Greetings to all from the big white tundra we like to call the Midwest. A bit of an icebox at the moment as we are dealing with ~12″ inches of the fluffy stuff. Add to that a layer of ice that accumulated overnight from freezing drizzle and you have yourself a recipe for hilarity. Case in point. Our dogs decided that 4:50am is a perfectly good time to demand I take them out. Wipe the sleep from the eyes, remind the legs they were designed to move me from one place to another, put some shoes on and leash up the dogs – you would think by their expression I take evil enjoyment out of cinching up their necks as opposed to the truth there are “eyes in ‘dem trees” that think 4:50am is a perfect time for an early morning snack. Shut the alarms down and take a groggy step off the porch onto the wet concrete. Except it wasn’t just wet, nope, black ice quickly causing my feet to go eye level and my eyes to go feet level. Just got my back all healed up and now I’m being snickered at by sure footed furballs. Later that morning, a semi ended up jackknifing by the main highway exit I use to get to work shutting down that access and choking up all the alternative routes (which had their share of wrecks as well). Some days were just designed to stay in bed and enjoy thoughts of warmer locations.
Like for instance the desert – specifically the Mohave Desert in Las Vegas. The Rock Wren was not the only bird hanging out at the Red Rock Canyon National Conservation Area back in November 2018. Unlike that bird (link here) and Abert’s Towhee (link here). that came before it, this bird possesses coloring that contrasts sharply with the desert floor. Yep, this one is adorned in a pretty blue and grey palette.
Hit the jump to find out what kind of bird this is!
This particular specimen is a Woodhouse’s Scrub-Jay. Although not a new bird to my list, having appeared back in June ’17 (link here), I still think it is a pretty cool find. The Scrub-Jay species was split into three groups a few years back – the California Scrub-Jay, the Mexican Scrub-Jay and, of course, the Woodhouse’s. Species splits always gets birders excited since it brings with it the opportunity to increase their lifer bird count. Unfortunately, I still do not have the other two and thus the split has not resulted in any stat padding.
The pictured Scrub-Jay was found at the Red Rock Canyon Overlook pull off – same place where the Rock Wren was hanging out making for an easy +2 if you still need those checked. It was hanging out at the tops of trees and tall plants surveying the killing zone. Pity the lizard or small insect that unknowingly ventured into this area.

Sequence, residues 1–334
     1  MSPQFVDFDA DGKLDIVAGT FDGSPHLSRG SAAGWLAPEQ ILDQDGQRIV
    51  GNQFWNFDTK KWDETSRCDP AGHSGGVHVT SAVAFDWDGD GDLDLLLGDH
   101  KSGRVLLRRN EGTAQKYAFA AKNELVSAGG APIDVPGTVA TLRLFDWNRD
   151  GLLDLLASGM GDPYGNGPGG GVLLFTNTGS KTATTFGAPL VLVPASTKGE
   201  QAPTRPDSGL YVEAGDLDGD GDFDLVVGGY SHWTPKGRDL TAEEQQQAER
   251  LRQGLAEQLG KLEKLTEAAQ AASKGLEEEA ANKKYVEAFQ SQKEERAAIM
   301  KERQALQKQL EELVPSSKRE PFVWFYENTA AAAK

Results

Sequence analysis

Eeesh, this one looks a bit pissed off – must have mistaken me for Ron (for some reason birds keep attacking him while we’re out on the field – not sure why, but quite entertaining). Oh, better not forget the other key angle or he’ll scold me again. Notice the grey back and the solid blue back of the head. The Woodhouse’s also sports a pretty long tail
Not much else to really provide in terms of interesting facts. They are deemed “mischievous” by Cornell which shouldn’t really be a surprise since they are part of the Jay family which includes one of my top five hated birds, the Blue Jay. On the other hand, Ron probably has this one on his top five favorite birds list solely based on their propensity to eat ticks off of deer. The enemy of my enemy is my friend.
Time to go salt the driveway – can’t have my own dogs laughing at me.
8 thoughts on “Blue Tones in the Desert”
Well, the California Scrub-Jay I was taking pictures of that was perched at the tip-top of a super-high conifer in Riverside, California, did in fact take off and fly a long way to attack me. I barely fended it off with my camera. Then it went into the low branches of a bush right above my head and continued to scream at me. “Mischievous” birds, my foot. I now have my own Latin name for the California Scrub-Jay.
But I came to a slow realization about a year and a half ago. As long as I continue to point my zoom lens at the bird taking pictures, it can’t get to my head! Dynamic visual tracking and defensive shielding from the points of my camera hood–take that, Scrubby! Works pretty well in those situations unless you’re attacked by a whole tree of Tree Swallows–I ended up on my back on the ground from that onslaught. (Also, I’m ditching my yellow-on-black Nikon camera strap because I’m tired of being attacked by yellow-on-black bumblebees. And I’m avoiding fenced-in meadows so I’m never again chased across one by a whole herd of longhorn steers–scariest thing in my whole life.)